After a bit more prayer, God said “Now look at the clock.” When I opened my eyes it was straight up 3:00. Then, after all these years of wondering, He revealed to me why I wake up at that particular time: the number 3 is symbolic of the Trinity. And 3:00 is the time the Trinity does its best work in me. I guess He does care for me.

 

Copyright © 2015 David C Hughes

 

The Patience of Job (Part 2 of 2)

One of the most challenging aspects of leaving my full time job and stepping out in the obedience of my calling has been trusting God with my finances and maintaining fiscal patience. Despite the numbers on paper, I have a less-than-stellar investment record, marred by impatience and bruised by self-reliance. Recent financial squeezing combined with slow online book sales has been sporty, sometimes pushing me to question my judgment, other times instigating deep frustration when fears of losing my house try to assert themselves. As car repair bills made me consider buying a horse, medical invoices showed up weeks after the procedure had faded into history, mandated health insurance rates rose faster than my blood pressure, and my dog had an allergic reaction to her allergy serum, I feel my finances are experiencing the gruesome reality of death by a thousand cuts—a slow bleed out that could force my family into that spacious cardboard box I mentioned in a recent post. Sometimes I feel like Job—I can get just as whiny. And in these cases, like He did with Job, God’s got to get in my face to make me see the light.

As the recent financial challenges continued to mount, I realized I’d once again have to dip into my 401k to remain solvent. Although I’d committed to staying the course by sacrificing this monetary reservoir to finance our leap of faith, the thought of compromising my future by eating away at my life savings still leaves a slightly bitter taste in my mouth. Poverty thinking and dearth mentality aside, I was not happy with having to skim off more of my life’s savings, hence the continued impatience with the pace of book sales and the renewed contention with trust.

With these kinds of thoughts playing bumper cars in my head, I drove to the office one afternoon and focused on my work, immersing myself in the world of Coulomb, Faraday and Tesla. “I was wondering,” Chad asked out of the blue. “Would you mind if I paid you a half year salary up front? It would really help the business if I could do that.”

Whoa? Really? I thought. “Yeah, sure,” I replied, trying to remain poised and professional. “If that would help, I’ll just keep track of my hours and let you know when I burn it back down to zero.”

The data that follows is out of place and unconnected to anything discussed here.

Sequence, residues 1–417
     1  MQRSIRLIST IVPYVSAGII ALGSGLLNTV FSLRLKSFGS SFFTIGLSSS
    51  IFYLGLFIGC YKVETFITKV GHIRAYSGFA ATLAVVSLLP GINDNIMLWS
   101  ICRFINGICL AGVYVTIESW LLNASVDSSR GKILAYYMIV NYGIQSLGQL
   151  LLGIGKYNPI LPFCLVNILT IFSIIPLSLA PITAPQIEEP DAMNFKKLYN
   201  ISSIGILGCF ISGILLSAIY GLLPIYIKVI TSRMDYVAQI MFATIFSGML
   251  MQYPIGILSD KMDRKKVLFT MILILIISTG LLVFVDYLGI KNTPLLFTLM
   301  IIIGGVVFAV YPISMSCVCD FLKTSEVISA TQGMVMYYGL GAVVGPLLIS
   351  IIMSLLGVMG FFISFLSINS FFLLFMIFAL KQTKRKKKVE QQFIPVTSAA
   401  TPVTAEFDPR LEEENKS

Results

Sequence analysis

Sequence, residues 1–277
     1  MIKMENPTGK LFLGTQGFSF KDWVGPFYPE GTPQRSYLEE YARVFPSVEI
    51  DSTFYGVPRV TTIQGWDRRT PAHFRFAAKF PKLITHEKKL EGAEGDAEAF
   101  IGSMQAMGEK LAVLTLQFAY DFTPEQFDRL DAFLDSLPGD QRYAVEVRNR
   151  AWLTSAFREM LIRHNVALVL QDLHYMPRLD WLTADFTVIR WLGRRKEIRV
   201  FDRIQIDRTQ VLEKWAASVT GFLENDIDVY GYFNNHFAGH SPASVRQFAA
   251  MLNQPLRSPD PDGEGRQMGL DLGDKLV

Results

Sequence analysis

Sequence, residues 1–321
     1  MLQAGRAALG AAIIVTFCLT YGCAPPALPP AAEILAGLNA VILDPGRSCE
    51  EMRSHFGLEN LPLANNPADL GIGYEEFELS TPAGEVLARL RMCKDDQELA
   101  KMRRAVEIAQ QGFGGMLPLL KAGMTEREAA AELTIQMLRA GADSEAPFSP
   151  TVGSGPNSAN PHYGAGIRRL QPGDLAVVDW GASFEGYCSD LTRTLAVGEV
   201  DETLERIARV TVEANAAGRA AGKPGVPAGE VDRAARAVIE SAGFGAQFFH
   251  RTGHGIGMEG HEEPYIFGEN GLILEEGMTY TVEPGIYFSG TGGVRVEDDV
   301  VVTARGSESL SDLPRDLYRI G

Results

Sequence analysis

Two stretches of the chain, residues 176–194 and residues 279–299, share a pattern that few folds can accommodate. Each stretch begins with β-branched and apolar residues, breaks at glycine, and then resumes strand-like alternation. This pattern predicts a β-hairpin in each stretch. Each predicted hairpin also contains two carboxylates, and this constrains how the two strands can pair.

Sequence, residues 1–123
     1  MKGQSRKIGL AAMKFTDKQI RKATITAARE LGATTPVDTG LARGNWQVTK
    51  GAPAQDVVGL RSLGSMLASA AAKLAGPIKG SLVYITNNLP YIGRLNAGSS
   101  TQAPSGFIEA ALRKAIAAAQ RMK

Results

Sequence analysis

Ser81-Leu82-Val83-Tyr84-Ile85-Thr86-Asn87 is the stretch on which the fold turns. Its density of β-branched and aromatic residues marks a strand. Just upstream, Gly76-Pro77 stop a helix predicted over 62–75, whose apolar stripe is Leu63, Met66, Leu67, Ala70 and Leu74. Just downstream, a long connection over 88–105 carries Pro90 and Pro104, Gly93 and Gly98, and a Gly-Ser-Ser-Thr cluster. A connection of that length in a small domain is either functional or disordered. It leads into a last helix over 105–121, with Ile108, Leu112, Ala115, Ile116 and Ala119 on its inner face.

After the discussion, I texted Mary: Chad wants to pay me for a half year up front!!!!

Her reply: Omgoodness. What an amazing blessing. I’m crying.

“It was an interesting coincidence that Chad told you that today,” Mary told me after dinner. She explained that during the staff meeting at work, she had responded to the call for prayer requests. “I told the ladies, ‘This journey David and I have been on has been an amazing blessing, and we know God provides and He will provide, but we’re at a point now where we’re financially stretched. So please pray for peace during this and for God’s provision to reign. Now.’” My text, she said, had arrived soon after she’d requested that prayer. Another sign, another answered petition, another kiss on the cheek from a God Who cares for us more than we’ll ever know.

This summer James and Janet Marberry, neighbors, good friends and faith-filled believers, spent several weeks in Colorado. As we baked in the Texas heat, they played in the mushy snow. While out shopping one day, Janet found a framed photograph of a diorama depicting two miniature painters painting a river-polished stone. “Things Take Time” they had scrawled on the rock. Janet presented the picture to Mary and me, a gift for watching their house while they were out of town. “I thought of you when I saw this,” she said, “because this process takes time.” Coincidentally, the day she gave us that photograph was the same day the proofs of The Epiphany of Joy and Melted Clowns arrived in the mail, and the same day Mary celebrated the end of her formal job to focus on working the business end of the writing endeavor.

Just the other day a friend asked me how the book sales were doing. “Direct sales are going great,” I replied. “But online sales are painfully slow.” In fact, for every book I’ve sold online, I’ve sold eight or nine books at book signings, craft fairs and get-togethers with friends. “Marketing is hard,” I lamented. “But I’m learning.”

“Sometimes it may take years for a writer to take off,” my friend counseled, a fact that, alas, is true in most cases. But moving forward with deliberation and patience will make the moment of takeoff that much more thrilling. And more meaningful.

God does nothing with impatience. He kept His mouth shut from Chapter 3 through Chapter 37 in the Book of Job, allowing Job to wallow in self-righteousness, self-pity and indignation while his friends bore false witness against him. It can take ten years for a pecan tree to yield its first fruits. It took 4,000 years for God to restore mankind back to Himself after the Fall. It took millennia for Him to paint the Grand Canyon in all its splendor and breathlessness. God’s not in any hurry.

Things take time. Wait upon the Lord. Be still.

It’s all in His timing. And in His magnificent hands.

 

Copyright ©2015 by David C. Hughes